I’ll be the first to admit that I am still learning how to grow carrots. For many years, I didn’t even try to grow them at all. My old garden spot on my farm in Kentucky had a heavy clay soil that made carrots difficult if not impossible. But when I moved here to HA I was happy to find a lighter, silty soil that was easy to work and great for gardening in general. So, I decided it was time to try growing carrots again. It was then that I discovered that even with good soil, carrots can still be challenging.
For starters, the seeds themselves are small and somewhat difficult to handle, and they need to be covered no more than 1/2 inch deep or they won’t be able to break through. Plus, carrot seeds take a long time to germinate. With a soil temperature of 75°F (24°C), they can be up in a week. But with the cooler soil conditions usually found in spring, it can take up to three weeks for them to germinate. During that time the soil needs to stay moist, and not crust over. Carrots also prefer a fertile, loose soil that is free of rocks. Any obstruction to their downward growth will result in forked, twisted or stunted roots. And with carrots, it’s all about the roots!
So with all those specific needs and conditions, you can’t just throw the carrot seeds down and expect them to prosper! You need to have some kind of strategy. I have grown some pretty good carrots in raised beds with soil that has been amended with liberal doses of compost and some complete organic fertilizer. To plant, I make a shallow furrow in the soil, sow the seeds, and cover with some good quality, weed-free potting soil. Then to keep the soil moist, I usually cover the row with a board. I’m not sure where I originally got that idea, but a little research shows it is a popular one, and even the Cornell University Growing Guide for carrots mentions covering the furrow with a board.
This year I tried a different method for keeping the soil moist, and I think it is a real winner. I can thank fellow gardener and blogger Daphne for deciding to try covering her carrot bed with doubled up row cover material (like Agribon) to keep it moist. In the past she had used burlap, or boards like I had. I find the problem with using a board is in timing. If you leave the board on too long, the seedlings get smothered after they germinate. Take the board off too soon, and the soil dries out and you get spotty or no germination.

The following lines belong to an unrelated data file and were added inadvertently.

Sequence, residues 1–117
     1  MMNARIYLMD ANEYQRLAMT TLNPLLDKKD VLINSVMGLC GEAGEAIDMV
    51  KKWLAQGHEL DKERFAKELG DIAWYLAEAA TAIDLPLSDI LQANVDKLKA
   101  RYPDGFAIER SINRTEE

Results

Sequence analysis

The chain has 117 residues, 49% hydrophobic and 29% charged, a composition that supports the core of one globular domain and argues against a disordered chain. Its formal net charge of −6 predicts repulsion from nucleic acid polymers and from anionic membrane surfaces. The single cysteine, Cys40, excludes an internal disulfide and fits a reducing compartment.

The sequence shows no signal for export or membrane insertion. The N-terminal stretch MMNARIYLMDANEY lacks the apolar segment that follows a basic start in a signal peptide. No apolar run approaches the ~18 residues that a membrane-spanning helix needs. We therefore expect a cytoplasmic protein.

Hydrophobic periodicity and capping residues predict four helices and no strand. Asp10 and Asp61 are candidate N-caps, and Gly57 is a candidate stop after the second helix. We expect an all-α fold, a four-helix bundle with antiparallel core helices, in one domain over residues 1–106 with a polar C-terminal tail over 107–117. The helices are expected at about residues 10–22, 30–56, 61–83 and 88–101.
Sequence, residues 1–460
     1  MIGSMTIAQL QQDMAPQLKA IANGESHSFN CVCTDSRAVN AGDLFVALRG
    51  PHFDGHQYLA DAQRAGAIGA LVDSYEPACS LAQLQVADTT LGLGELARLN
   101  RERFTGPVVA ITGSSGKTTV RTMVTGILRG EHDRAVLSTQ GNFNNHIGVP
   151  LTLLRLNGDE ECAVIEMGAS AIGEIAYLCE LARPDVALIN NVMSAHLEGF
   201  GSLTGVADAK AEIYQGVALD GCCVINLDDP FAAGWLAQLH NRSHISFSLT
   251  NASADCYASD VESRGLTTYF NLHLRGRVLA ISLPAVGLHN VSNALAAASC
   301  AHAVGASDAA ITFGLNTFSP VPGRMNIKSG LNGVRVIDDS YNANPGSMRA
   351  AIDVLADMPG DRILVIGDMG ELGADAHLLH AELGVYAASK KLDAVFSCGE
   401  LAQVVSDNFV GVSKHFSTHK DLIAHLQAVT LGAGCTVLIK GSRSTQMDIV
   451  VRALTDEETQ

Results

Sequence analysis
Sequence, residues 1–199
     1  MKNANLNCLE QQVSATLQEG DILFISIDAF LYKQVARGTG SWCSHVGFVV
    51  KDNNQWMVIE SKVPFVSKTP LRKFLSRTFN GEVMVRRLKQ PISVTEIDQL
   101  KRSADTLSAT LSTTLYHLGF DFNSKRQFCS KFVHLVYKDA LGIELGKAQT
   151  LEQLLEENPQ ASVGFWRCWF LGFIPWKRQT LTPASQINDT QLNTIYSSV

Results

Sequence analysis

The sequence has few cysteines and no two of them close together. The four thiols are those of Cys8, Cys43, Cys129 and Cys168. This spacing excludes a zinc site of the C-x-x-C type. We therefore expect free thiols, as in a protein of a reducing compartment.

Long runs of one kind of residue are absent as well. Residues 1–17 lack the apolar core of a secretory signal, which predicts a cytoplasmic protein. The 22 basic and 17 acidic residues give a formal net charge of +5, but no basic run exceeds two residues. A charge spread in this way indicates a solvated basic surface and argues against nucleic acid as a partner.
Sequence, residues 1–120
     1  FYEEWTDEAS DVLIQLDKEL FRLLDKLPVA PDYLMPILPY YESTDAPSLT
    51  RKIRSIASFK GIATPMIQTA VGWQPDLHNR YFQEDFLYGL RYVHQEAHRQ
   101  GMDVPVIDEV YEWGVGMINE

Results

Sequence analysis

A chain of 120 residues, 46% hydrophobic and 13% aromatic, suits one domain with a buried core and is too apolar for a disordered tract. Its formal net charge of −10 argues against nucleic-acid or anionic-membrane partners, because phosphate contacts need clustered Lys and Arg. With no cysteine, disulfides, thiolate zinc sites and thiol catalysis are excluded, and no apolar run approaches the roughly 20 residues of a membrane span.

Using the row cover sounded like a great idea to me, since it would have a little ‘give’ to it when the seeds started sprouting. And since I had plenty of Agribon handy, I decided to give it a try. I sowed six rows of carrots about 8 inches apart in the bed, and covered two of them with boards and the rest with a doubled over piece of Agribon material. I used some of the extra boards (made from recycled wood and plastic) to hold the row cover material in place. Usually this material is suspended up off the ground to cover the plants, but in this case it is used to cover the soil surface itself.
All of the carrot seeds starting sprouting in 9 days. As soon as they did, I removed the boards from the two rows but left the row cover material in place for a few more days over the rest, until more of the seeds had emerged. I got good germination with both methods, but the row cover certainly was easier and less tricky. I will be trying this again in fall, when hot and dry conditions are the norm and keeping the soil moist and cooler is critical.
It may be a little difficult to judge in the above photo, but I got great overall germination in all of the rows of carrots. I’ll still have some serious thinning to do, as I have a tendency to sow the seeds too thickly. And I’ll still have to keep the weeds under control. But the first battle – getting the seeds up and growing, has been won. And I thought that was worth sharing. In many parts of the world, there’s still time to sow some carrot seed. If you have trouble getting a good stand of carrots, you might see if using a row cover can help you get your carrots up and growing too!
I’m glad it worked. I’m still trying to figure out if mine did. My compost had a lot of dill seeds and they look just the same until their true leaves start to come out. Today I’ll probably try to figure out if I can find the rows. I don’t sow very thickly. Maybe an inch apart, so it is harder to find in the mass of dill. I wish I had seeded thickly now.
Thanks for the tip, Dave! One of my hopes is to be able to grow my own carrots, and this method sounds like it will optimize my chances for success!
I tried that method for the first time this spring also. I didn’t sow in rows though, I broadcast the seeds thinly over an area and then sifted fine compost over them and then covered them with a single layer of row cover fabric. I like the fact that I can water the seeds right through the fabric and I can see the seedlings through the fabric when they emerge.
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